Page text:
“See that little stream? We could walk to it in two minutes. It took the British a month to walk to it — a whole empire walking very slowly, dying in front and pushing forward behind.”
— F. Scott Fitzgerald, Tender Is the Night
The walk began at 7:30 a.m., July 1, 1916, when British infantry advanced toward German trenches. In the first hours, eight British soldiers fell per second. By nightfall 19,240 were dead, another 38,230 were wounded. World War I, the worst manmade disaster in human experience, was the hinge of modern history. The war was the incubator of Communist Russia, Nazi Germany, World War II, and innumerable cultural consequences. The hinge of this war was the battle named for “that little stream,” the river Somme.
William Philpott’s judicious assessment in Three Armies on the Somme: The First Battle of the Twentieth Century is that the Somme was “the cradle of modern combat,” proving that industrial war could only be won by protracted attrition. And hence by the new science of logistics. The 31 trains a day required to supply the British at the Somme became 70 when the offensive began. The romance of chivalric warfare died at the Somme, which was what the Germans called Materialschlacht, a battle of materials more than men. Geographic objectives — land seized — mattered less than the slow exhaustion of a nation’s material and human resources, civilians as well as soldiers.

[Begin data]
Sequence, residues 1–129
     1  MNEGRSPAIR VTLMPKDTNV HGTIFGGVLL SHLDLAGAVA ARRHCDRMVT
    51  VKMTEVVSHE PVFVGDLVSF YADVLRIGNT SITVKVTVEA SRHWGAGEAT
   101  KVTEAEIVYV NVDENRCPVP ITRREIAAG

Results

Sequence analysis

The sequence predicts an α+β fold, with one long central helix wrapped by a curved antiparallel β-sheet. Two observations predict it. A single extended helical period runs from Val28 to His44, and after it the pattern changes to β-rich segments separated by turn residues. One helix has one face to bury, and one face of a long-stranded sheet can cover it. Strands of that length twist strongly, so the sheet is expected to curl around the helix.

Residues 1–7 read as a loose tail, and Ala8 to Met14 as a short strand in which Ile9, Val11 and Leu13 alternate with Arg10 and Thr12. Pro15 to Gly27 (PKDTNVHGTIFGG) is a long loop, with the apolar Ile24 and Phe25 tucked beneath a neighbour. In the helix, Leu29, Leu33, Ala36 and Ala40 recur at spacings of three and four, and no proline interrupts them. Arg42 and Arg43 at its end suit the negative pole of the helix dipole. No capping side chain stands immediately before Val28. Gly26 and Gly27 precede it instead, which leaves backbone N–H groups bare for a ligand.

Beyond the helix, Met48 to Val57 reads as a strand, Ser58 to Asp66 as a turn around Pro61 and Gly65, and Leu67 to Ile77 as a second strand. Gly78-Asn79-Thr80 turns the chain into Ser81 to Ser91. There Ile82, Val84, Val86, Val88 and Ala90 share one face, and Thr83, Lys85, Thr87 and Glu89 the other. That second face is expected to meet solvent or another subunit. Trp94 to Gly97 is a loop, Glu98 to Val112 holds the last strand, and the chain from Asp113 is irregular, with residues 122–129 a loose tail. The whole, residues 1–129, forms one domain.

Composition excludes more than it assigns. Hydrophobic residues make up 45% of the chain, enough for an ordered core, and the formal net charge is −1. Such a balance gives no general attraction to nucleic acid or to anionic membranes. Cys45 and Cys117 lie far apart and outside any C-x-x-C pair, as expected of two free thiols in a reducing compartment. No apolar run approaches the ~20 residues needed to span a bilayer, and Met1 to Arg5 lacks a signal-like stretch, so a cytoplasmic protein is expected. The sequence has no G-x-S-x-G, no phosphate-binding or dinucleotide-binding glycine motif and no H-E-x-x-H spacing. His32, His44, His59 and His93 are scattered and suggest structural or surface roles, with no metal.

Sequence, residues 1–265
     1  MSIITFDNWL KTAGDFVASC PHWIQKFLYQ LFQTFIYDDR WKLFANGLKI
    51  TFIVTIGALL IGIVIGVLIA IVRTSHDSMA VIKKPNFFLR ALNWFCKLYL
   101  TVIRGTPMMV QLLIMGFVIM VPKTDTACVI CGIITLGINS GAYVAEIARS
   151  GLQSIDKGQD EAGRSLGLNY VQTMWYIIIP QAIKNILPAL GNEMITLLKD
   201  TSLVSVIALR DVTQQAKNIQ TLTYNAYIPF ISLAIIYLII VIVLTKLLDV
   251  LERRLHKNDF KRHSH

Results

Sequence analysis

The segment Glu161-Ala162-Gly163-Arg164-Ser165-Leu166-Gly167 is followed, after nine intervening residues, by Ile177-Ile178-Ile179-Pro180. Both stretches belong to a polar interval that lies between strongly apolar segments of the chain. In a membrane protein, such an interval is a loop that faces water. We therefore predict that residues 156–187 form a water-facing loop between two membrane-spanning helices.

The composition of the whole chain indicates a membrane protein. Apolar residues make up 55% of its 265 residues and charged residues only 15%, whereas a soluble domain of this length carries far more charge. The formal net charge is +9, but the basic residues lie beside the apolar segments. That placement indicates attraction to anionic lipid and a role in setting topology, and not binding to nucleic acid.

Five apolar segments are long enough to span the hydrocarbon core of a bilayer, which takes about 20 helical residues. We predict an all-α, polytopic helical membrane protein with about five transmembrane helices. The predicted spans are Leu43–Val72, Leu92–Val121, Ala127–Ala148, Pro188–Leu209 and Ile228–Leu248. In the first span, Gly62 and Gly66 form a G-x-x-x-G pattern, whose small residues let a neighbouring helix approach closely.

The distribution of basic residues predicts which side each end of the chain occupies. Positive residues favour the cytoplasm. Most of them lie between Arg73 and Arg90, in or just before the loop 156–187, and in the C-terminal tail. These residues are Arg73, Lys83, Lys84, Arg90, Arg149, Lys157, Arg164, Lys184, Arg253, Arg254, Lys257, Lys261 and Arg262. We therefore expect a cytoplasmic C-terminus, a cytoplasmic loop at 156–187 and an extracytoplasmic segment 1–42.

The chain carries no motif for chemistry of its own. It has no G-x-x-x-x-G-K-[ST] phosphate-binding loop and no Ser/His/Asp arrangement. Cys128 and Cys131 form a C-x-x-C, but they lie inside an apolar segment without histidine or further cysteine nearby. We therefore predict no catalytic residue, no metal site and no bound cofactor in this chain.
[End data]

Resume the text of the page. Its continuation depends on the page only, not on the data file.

In the next world war, the distinction between the front lines and the home front would be erased. In 1918, Randolph Bourne, witnessing the mass mobilization of society, including its thoughts, distilled into seven words the essence of the 20th century: “War is the health of the state.” Relations between government, the economy, and the individual were forever altered, to the advantage of government.
The romance of chivalric warfare died at the Somme.
Military necessity is the most prolific mother of invention, and World War I was, Philpott writes, “a war of invention,” pitting “scientific-industrial complexes” against each other: “Gas, flame-throwers, grenade-launchers, sub-machine guns, trench mortars and cannon, fighter and bomber aircraft, tanks and self-propelled artillery all made their battlefield debuts between 1914 and 1918.”
Attritional war had begun in earnest at Verdun, which occupies in France’s memory a place comparable to that of the Somme in British memory. And the Somme offensive was begun in part to reduce pressure on Verdun and to demonstrate that Britain was bearing its share of the war’s burden.
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Thomas Hardy’s description of the 1813 Battle of Leipzig — “a miles-wide pant of pain” — fit the battle of the Somme, where a soldier wrote, “From No Man’s Land . . . comes one great groan.” The Somme ended on November 18, with men drowning in glutinous lakes of clinging mud sometimes five feet deep. This was the war that British poet Rupert Brooke had welcomed as God’s gift to youth awakened from sleeping, “as swimmers into cleanness leaping.” By November a million men on both sides were dead — 72,000 British and Commonwealth bodies were never recovered — or wounded. Twenty-two miles of front had been moved six miles.
But because of this battle, which broke Germany’s brittle confidence, the war’s outcome was discernible. Not so its reverberations, one of which was an Austrian corporal whose Bavarian unit deployed to the Somme on October 2. Adolf Hitler was wounded on his third day in the line.
The battle of the Somme is, in Dyer’s words, “deeply buried in its own aftermath.” As is Europe, still.
— George Will is a Pulitzer Prize–winning syndicated columnist. © 2016 The Washington Post